Listen: Cincy Playhouse shares CCM audio plays
The three stories feature the work of local writers, CCM and A&S students
Cincinnati Playhouse in the Park and UC's College-Conservatory of Music have partnered to share three new audio plays for theatre lovers everywhere. The CCM Acting Audio Plays, which range from 25 to 40 minutes long, represent a year-long collaboration that reached into many corners of Cincinnati. Listen online via Playhouse's website.
"This experience has shown me just how much our students love working across the college and across the university," says CCM Acting Professor Brant Russell. "I was pleased to be able to put everyone together, but once they started creating the work, you couldn't stop them."
The Audio Plays showcase the tremendous talents present throughout CCM and UC, featuring the work of students studying Acting, Sound Design, Stage Management, Media Production and Commercial Music Production as well as student playwrights in the College of Arts & Sciences' Creative Writing PhD program. They were recorded in CCM's state-of-the-art Media Production facilities and commissioned by the CCM Playwrights Workshop.
"The relationships we have with Cincinnati artists are also an integral part of this project," Russell adds. Young Adult author and CCM Playwrights Workshop alum Liz Coley wrote Coming Back, an audio play about a college student's search for his missing brother in the Appalachian mountains. Musician, comedian and raconteur Paul Strickland wrote Nostaliga, which will be available with the other audio plays in the coming weeks.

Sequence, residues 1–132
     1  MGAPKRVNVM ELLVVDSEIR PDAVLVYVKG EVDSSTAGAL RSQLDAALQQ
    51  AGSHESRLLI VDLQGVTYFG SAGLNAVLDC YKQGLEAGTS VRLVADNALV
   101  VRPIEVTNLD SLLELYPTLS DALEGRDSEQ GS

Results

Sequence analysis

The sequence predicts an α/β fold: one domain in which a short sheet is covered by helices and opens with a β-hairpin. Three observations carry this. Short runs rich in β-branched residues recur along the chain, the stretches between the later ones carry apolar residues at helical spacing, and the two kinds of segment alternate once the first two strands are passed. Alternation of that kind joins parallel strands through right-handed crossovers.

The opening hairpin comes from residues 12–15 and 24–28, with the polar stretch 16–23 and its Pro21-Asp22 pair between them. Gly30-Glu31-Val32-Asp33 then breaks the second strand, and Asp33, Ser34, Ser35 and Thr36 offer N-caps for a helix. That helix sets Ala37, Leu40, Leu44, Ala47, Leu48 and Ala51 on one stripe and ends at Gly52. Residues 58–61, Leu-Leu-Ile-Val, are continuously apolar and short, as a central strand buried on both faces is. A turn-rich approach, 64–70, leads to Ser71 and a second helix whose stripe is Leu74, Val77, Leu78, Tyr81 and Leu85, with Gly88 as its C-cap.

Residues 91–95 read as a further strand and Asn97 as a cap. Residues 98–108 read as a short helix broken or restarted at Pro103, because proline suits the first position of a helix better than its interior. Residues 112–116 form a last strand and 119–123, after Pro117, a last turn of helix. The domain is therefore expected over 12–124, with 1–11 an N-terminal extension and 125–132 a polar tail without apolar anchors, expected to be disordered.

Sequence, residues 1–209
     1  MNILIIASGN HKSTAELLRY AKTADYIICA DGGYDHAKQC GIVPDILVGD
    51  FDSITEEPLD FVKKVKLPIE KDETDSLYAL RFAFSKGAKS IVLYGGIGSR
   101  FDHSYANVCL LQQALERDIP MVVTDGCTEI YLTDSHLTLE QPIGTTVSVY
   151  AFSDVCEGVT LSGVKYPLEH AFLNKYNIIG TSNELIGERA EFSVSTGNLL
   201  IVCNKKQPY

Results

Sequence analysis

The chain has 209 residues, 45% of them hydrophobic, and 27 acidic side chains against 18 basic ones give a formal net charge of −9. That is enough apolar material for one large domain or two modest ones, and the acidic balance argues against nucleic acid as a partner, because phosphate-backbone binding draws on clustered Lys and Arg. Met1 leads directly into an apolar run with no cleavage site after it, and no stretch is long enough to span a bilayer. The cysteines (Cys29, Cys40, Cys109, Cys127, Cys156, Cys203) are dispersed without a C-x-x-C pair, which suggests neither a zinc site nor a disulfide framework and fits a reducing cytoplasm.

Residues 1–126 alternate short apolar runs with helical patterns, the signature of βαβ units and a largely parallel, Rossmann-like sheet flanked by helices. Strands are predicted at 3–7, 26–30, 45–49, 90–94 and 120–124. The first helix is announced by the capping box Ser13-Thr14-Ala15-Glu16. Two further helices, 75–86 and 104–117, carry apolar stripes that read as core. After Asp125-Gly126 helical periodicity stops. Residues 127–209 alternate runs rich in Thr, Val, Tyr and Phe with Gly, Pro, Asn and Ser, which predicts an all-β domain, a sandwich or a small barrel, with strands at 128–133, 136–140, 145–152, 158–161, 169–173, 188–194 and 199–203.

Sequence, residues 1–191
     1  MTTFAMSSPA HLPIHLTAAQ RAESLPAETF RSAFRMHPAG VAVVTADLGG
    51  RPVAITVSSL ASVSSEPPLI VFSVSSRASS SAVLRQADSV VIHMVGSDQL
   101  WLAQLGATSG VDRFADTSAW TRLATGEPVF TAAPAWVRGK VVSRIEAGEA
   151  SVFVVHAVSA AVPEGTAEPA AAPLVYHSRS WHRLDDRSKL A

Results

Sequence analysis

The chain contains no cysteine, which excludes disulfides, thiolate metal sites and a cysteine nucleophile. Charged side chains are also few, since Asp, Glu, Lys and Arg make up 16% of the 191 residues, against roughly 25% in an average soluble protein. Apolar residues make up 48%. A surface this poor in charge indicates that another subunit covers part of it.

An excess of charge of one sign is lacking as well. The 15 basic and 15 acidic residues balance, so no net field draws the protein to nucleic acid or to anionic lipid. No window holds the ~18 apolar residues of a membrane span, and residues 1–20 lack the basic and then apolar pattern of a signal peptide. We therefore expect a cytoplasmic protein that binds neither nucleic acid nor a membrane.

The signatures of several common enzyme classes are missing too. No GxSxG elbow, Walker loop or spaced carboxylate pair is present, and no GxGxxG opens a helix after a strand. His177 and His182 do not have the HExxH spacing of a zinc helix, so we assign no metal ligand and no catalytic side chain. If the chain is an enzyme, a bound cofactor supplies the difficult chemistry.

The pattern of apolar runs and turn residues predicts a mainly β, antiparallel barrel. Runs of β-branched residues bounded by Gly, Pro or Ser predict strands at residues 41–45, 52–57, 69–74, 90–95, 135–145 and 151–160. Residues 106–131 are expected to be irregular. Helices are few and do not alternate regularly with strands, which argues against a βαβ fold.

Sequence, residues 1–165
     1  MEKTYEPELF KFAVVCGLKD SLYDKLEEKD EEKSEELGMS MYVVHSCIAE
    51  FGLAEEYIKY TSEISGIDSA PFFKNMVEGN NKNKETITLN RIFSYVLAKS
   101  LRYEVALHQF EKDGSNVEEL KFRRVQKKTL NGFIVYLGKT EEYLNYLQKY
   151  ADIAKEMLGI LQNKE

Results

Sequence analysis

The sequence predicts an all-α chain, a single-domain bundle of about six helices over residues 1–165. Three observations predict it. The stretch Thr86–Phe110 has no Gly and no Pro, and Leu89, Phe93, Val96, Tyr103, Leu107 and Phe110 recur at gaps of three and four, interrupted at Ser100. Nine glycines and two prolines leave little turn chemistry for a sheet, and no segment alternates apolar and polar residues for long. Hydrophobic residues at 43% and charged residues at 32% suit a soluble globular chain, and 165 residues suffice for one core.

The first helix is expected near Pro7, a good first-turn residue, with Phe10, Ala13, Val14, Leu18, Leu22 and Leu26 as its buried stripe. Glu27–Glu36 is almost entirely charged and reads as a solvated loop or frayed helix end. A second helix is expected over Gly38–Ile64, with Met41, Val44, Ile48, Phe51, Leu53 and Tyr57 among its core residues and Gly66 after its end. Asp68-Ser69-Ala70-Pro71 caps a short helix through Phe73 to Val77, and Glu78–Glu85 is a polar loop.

A&S PhD student Maggie Su, who also participated in CCM's Playwrights Workshop, wrote Exposure Therapy — the story of a young woman who discovers she can travel back in time to traumatic events in her life. A&S PhD student Sakinah Hofler's The Missing follows a young Black woman as she searches for her missing sister on the streets of Newark, New Jersey.
Audiences can listen to the plays for free, in any order, and from anywhere — so make sure your volume is turned up and enjoy the show! Listen and learn more about each audio play on the Playhouse's website and in the details below.
Coming Back is about a college student’s search for his missing brother in the Appalachian mountains. This piece is by Liz Coley, popular YA fiction writer and CCM Acting Playwrights Workshop mainstay.
Narrator (Eli Lucas) : Caleb Washington sits on a bed in a bedroom. In his childhood bedroom. How do we know this? Borrow my eyes. There’s a high school baseball team photo on the dresser. He’s the tall one in the middle, looking just to the left of the camera lens. There’s a Pokemon lamp beside it, turned on, because the curtains are closed, even at midday. The lampshade spins, casting shadows on the wall—Charizard, Pikachu, Squirtle, Geoduck, and back to Charizard. This room, this house, is not the haven he remembers leaving behind him last August. He’s agitated. And how do we know this? He’s rocking with his arms locked around his bunched-up legs. His eyes look like he might have just wiped away tears. He stares at his phone. He stares at his phone. He stares at his phone. He dials. Two hundred and fifty miles away, in a messy apartment, an iphone rings.
[Ring tone, Audra in the middle of speaking to someone else in the room]
Audra (Rachel Jones) (to room): I said third shelf. On your right. Can’t you… ? Next to the ground ginger. No. Yes there. (to phone) Hello? Oh shoot—Caleb. Caleb, it’s you. Hi. Sorry I haven’t—
Caleb (Malik Smith): You haven’t called back? I left you three messages.
Ellynasia (Shakoria Davis) (at a distance): Hey Audra, where’s your cardamom?
Audra (to Caleb): I know, I know. Three? Really? Wait, hang on. (to Ellynasia): The whole spices are all together. Above. Yes. There. Cardamom pods.
Caleb: Did I call at a bad time? Again?
Narrator: At a glance, Audra appears to be the kind of girl you could turn to for comfort. If you judged this book by her cover, you’d see a thick, pink paperback promising an enjoyable and distracting beach read to take you miles away from your troubles. Or a bubbly broad-bowled coupe of rosé champagne. Or a strawberry ice cream in the sun, just beginning to drip over the edge of the waffle cone so that you’d be drawn in to taste it. But you know what they say about appearances and book covers.